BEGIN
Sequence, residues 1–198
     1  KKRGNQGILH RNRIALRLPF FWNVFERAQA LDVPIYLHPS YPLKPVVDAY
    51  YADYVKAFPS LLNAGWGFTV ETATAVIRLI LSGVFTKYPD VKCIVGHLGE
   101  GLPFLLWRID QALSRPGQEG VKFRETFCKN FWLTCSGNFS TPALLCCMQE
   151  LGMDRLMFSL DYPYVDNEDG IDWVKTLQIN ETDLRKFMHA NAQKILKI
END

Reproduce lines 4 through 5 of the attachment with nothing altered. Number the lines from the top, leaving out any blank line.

   101  GLPFLLWRID QALSRPGQEG VKFRETFCKN FWLTCSGNFS TPALLCCMQE
   151  LGMDRLMFSL DYPYVDNEDG IDWVKTLQIN ETDLRKFMHA NAQKILKI